It is no secret that social media continues to provide useful platforms for business owners to advertise their services—and for consumers to vet service providers. But not all professional services firms are treated equally under the law when it comes to what they can post online. Registered investment advisers (RIAs), in particular, are subject to tight restrictions on what they can include in online advertisements. Earlier this month, the SEC reminded RIAs of this fact by publishing five settlement orders involving RIAs that had unlawfully included client testimonials on their websites.
What does the law say?
Section 206(4) of the Investment Advisers Act of 1940 (the “Advisers Act”) makes it unlawful for RIAs to engage in any act, practice, or course of business which is fraudulent, deceptive, or manipulative. Rule 206(4)-1, promulgated under the Advisers Act, identifies certain statements that, when published in an advertisement by an RIA, constitute a violation of Section 206(4). In summary, federal law renders it unlawful for RIAs “directly or indirectly, to publish, circulate, or distribute any advertisement” that:
Minnesota law, too, incorporates by reference the above restrictions. Specifically, pursuant to Minn. Rule 2876.5023 Subpart 1(N), a Minnesota-registered investment adviser is prohibited from engaging in fraudulent, deceptive, or manipulative conduct, which includes “publishing, circulating, or distributing any advertisement which does not comply with Rule 206(4)-1 under the Advisers Act.”
Examples of Prohibited
The SEC has found the following activities to violate Rule 206(4)-1:
What should RIAs do to avoid advertising violations?
First and foremost, RIAs should implement policies and procedures reasonably designed to prevent deficient advertising practices. (Failure to do so, in and of itself, may be a securities law violation.) For example, the firm should ensure that a supervisor or compliance officer reviews all advertising materials before they are published or posted online. The firm should also retain records of such reviews consistent with applicable books and records requirements.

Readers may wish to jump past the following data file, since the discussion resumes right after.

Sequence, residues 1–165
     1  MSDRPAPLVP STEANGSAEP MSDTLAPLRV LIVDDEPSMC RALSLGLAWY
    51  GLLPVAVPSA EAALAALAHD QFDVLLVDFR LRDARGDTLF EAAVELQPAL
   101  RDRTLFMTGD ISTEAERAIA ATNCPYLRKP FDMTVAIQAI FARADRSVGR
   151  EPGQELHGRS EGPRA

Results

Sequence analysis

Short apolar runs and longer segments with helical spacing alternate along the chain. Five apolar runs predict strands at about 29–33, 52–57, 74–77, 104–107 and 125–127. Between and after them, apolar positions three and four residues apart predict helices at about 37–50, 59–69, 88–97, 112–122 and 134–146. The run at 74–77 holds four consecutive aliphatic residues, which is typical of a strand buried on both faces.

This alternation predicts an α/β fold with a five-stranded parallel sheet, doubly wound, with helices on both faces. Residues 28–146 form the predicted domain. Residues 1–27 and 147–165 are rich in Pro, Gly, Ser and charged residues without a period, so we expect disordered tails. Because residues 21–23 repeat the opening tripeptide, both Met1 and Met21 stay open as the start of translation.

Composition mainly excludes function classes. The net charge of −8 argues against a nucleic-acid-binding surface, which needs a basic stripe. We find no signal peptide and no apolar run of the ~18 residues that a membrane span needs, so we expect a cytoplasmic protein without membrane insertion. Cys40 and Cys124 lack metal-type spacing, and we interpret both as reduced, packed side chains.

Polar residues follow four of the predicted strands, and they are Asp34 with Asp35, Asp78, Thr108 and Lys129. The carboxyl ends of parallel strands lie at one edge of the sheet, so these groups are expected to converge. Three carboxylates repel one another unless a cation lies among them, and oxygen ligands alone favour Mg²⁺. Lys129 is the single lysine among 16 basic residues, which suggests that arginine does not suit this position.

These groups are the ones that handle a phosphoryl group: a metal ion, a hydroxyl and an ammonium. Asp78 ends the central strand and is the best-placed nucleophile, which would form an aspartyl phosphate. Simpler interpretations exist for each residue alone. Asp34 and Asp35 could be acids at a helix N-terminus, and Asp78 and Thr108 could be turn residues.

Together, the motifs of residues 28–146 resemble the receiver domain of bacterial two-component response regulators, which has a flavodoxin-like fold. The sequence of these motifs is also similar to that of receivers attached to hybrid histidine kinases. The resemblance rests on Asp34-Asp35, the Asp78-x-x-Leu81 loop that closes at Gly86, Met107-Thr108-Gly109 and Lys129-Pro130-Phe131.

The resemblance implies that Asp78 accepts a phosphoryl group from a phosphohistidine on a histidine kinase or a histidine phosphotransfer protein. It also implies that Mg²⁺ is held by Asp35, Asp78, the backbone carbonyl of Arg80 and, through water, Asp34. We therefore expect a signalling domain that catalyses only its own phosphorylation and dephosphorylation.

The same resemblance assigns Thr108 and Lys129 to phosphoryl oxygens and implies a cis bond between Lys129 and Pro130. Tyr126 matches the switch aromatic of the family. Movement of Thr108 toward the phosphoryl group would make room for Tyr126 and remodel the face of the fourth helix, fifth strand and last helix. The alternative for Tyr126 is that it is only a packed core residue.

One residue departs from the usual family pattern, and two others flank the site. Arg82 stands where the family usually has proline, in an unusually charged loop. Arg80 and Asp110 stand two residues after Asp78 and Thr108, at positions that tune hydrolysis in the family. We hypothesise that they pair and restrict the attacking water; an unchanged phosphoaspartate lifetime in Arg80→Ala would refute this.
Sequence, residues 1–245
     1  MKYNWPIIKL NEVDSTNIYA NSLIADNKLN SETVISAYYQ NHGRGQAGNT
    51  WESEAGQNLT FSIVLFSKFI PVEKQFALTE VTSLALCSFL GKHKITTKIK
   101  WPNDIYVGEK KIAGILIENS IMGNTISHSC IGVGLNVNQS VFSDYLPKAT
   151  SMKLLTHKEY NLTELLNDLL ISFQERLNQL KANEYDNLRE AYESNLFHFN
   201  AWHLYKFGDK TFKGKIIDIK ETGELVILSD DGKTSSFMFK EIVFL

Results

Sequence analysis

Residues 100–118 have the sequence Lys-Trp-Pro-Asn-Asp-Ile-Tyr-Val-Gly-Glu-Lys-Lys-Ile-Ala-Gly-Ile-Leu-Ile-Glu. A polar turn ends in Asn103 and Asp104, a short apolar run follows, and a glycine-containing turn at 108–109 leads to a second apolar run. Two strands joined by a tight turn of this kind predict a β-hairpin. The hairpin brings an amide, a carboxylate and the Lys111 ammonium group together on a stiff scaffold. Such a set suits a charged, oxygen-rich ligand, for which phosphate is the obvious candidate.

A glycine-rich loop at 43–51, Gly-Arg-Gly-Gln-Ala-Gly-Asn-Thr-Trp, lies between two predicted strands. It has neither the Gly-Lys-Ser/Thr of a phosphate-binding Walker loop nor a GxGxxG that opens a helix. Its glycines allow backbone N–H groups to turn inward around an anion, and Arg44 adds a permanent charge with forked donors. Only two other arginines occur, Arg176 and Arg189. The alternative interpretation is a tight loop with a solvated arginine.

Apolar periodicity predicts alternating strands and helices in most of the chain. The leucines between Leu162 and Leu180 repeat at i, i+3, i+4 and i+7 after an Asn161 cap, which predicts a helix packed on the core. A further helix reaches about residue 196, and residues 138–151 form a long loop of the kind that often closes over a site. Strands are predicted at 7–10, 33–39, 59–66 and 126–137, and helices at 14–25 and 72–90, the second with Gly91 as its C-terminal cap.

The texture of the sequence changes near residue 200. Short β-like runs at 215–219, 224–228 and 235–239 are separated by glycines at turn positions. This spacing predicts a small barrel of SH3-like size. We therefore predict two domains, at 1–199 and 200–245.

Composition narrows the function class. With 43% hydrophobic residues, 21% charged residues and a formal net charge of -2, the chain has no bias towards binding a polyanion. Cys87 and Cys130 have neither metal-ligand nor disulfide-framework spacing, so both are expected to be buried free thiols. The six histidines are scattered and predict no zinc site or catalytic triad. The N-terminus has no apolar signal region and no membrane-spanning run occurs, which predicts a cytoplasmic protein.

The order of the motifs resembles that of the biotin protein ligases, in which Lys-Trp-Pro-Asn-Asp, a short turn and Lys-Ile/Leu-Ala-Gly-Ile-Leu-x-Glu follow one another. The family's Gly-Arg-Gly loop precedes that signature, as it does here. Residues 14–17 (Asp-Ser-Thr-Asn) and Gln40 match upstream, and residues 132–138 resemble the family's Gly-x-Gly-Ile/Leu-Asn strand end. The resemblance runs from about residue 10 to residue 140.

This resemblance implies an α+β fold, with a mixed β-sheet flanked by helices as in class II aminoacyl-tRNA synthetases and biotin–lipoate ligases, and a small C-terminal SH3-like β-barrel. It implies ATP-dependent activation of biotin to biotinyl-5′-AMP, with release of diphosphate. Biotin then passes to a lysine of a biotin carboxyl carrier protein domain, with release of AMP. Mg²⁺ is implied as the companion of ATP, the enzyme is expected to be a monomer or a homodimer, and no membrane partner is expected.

Further, RIAs should be careful to “think outside the box” as to whether, when and to whom an advertisement may be deemed misleading. Put yourself in the shoes of a client inexperienced with financial matters who visits your website or office, and consider what that client might find enticing about working with you or your firm. Are you holding yourself out as an expert in any specific area or product? Do you display data, awards or certifications highlighting your reputation or accomplishments? If so, review those materials against Rule 206(4)-1, applicable state regulations— and your own conscience— to feel assured that such representations are warranted and true.
Brian Edstrom is a Shareholder and Attorney at Avisen Legal, P.A. He brings to Avisen clients the ability to “speak regulator,” having spent several years working for federal and state regulators in Washington D.C. and Saint Paul, MN before entering private practice. Brian assists clients in all aspects of working with securities regulators, whether it be to obtain a license or registration, prepare for an audit, or respond to an enforcement investigation. Brian also regularly advises clients on their general business needs, particularly surrounding raising money through securities offerings.